Ottawa/CMEDIA: The Bank of Canada raising its benchmark interest rate by half a percentage point to 1.5 percent on Wednesday was widely expected as inflation had hit 6.8 percent in April, more than twice the level expected by the central bank
Much of the increase in inflation is reportedly due to pandemic-related supply shortages as well as surging commodity prices related to Russia’s invasion of Ukraine.
Still, policymakers were caught off guard as the economic recovery from the COVID-19 recession was fast and grew at an annual rate of about three percent in the first quarter, Statistics Canada on May 31 said.
The Bank of Canada also reportedly said that with the strong Canadian economic activity, consumer spending in Canada remaining robust, and exports anticipated to strengthen, growth in the second quarter is expected to be solid.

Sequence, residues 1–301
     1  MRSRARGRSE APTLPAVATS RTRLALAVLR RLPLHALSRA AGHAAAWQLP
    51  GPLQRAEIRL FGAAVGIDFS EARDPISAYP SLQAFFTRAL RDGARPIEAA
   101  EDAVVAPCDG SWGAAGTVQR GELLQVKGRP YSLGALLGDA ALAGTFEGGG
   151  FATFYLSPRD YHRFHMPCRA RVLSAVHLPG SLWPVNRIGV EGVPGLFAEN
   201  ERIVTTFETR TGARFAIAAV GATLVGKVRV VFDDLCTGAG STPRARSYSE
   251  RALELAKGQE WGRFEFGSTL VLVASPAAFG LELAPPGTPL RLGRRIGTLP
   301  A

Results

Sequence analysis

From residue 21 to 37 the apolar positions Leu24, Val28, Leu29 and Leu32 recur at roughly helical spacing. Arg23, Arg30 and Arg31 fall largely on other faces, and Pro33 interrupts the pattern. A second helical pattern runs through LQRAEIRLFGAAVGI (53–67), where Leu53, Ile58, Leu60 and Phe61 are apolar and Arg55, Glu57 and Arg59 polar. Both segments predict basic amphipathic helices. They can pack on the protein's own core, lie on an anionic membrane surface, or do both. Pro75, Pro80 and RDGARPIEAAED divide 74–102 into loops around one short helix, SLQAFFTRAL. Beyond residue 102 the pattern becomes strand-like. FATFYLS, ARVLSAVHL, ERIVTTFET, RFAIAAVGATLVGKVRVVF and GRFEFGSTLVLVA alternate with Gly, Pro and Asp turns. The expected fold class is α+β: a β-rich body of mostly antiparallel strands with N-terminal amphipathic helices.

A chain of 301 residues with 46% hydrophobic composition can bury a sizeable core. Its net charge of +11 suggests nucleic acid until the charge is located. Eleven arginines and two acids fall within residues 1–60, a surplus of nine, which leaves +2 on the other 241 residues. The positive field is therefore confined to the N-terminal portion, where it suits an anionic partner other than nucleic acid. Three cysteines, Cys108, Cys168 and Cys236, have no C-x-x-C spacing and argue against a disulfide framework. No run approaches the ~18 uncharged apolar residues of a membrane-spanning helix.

The central bank was reported to say that while the cost of living is already at its highest rate in 30 years, it doesn’t think things have peaked just yet, saying in a statement on Wednesday that inflation “will likely move even higher in the near term before beginning to ease.”
The policymakers said that the pace of further increases in the policy rate will be guided by the bank’s ongoing assessment of the economy and inflation.
The policymakers added that the Governing Council is prepared to act more forcefully if needed to meet its commitment to achieving the two-per-cent inflation target.
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